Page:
John Adams Letters document,


Philadelphia, 2 October, 1775.

EVERYTHING here is in as good a way as I could wish, considering the temper and designs of Administration. I assure you, the letters have had no such bad effects as the Tories intended, and as some of our short sighted Whigs apprehended ; so far otherwise, that I see and hear, every day, fresh proofs that everybody is coming fast into every political sentiment contained in them. I assure you L could mention compliments passed upon them, and if a serious decision could be had upon them, the public voice would be found in their favor.

But I am distressed with cares of another kind. Your two letters are never out of my thoughts. I should have mounted my horse, this day, for Braintree, if I had not hopes of hearing further from you in a day or two. However, I will hope that your prospects are more agreeable than they were, and that the children are all better, as well as the rest of the family, and the neighbours. If I should hear more disagreeable advices from you, I shall certainly come home, for I cannot leave you in such affliction without endeavouring to lessen it, unless there was an absolute necessity of my staying here to do a duty to the public, which I think there is not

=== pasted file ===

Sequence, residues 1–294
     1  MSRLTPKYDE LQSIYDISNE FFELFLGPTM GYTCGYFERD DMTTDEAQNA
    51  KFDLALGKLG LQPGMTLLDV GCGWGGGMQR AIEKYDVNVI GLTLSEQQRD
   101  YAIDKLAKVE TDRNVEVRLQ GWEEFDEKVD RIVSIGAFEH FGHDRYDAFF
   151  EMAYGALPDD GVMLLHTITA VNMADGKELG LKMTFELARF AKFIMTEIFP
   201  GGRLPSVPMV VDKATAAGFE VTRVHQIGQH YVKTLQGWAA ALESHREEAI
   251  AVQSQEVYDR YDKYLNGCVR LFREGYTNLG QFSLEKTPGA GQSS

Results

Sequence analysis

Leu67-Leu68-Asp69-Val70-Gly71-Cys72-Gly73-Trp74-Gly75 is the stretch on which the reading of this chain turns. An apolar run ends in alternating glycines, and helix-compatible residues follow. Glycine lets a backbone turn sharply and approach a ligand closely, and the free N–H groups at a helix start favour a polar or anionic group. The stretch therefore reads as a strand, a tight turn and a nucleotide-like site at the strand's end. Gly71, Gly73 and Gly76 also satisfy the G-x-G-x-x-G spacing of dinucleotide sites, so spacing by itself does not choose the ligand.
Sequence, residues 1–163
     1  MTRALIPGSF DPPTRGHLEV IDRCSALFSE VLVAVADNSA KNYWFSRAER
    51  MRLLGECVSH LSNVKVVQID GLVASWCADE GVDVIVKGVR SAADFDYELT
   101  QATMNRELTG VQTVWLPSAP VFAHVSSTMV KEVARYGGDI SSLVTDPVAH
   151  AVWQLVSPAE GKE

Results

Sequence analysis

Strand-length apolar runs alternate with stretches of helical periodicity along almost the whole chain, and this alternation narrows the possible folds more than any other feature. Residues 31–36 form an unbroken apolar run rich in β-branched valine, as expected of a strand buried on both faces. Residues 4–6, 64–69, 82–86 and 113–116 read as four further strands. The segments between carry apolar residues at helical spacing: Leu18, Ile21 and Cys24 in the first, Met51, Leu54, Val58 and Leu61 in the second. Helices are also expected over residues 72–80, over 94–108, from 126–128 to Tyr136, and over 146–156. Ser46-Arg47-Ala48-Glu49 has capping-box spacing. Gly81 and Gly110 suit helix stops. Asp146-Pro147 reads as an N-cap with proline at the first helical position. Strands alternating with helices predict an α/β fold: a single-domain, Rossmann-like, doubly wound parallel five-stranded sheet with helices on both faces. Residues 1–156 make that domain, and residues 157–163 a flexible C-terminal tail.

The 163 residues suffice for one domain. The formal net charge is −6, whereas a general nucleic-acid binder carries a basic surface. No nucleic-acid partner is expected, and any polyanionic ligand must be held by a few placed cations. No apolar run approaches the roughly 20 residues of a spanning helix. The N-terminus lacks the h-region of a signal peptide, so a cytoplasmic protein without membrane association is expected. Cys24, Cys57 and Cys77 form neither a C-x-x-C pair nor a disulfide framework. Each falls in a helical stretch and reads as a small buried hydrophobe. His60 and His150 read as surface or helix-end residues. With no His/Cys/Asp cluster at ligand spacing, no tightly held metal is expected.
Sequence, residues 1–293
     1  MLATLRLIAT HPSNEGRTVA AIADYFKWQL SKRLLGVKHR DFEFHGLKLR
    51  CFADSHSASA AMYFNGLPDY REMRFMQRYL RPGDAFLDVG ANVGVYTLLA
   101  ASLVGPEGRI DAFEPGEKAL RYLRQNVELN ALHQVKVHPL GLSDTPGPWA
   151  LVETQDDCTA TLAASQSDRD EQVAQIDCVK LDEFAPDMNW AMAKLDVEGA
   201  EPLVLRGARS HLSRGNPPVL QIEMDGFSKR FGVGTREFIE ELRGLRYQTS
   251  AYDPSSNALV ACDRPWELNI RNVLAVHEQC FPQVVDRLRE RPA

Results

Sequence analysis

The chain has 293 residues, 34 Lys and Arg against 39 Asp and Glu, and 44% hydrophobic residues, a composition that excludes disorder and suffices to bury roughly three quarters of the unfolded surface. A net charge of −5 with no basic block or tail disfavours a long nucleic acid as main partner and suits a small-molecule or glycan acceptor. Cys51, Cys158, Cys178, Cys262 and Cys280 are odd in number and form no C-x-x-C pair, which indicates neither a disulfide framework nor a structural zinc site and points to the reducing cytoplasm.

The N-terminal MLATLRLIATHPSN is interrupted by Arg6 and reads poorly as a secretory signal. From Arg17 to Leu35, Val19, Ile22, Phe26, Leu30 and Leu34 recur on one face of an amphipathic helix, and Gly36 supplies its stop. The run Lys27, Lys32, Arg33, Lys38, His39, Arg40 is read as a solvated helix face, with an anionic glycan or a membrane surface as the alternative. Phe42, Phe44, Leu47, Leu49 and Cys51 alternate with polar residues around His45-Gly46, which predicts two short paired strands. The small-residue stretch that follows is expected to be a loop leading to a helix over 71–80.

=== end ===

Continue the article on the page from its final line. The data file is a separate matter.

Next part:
I must beg to be excused, my dear, from hinting at anything for the future, of public persons or things. Secrecy is so much exacted. But thus much I may say, that I never saw so serious and determined a spirit. I must also beseech you to be cautious what you write to me and by whom you send. Letters sent to the care of Colonel Warren will come safe. My. regards, with all proper distinctions, to my relations and yours, my friends and yours, my acquaintances and yours.

This will go by Major Bayard, a gentleman of the Presbyterian persuasion in this city, of excellent character, to whom I am indebted for a great many civilities.

John Adams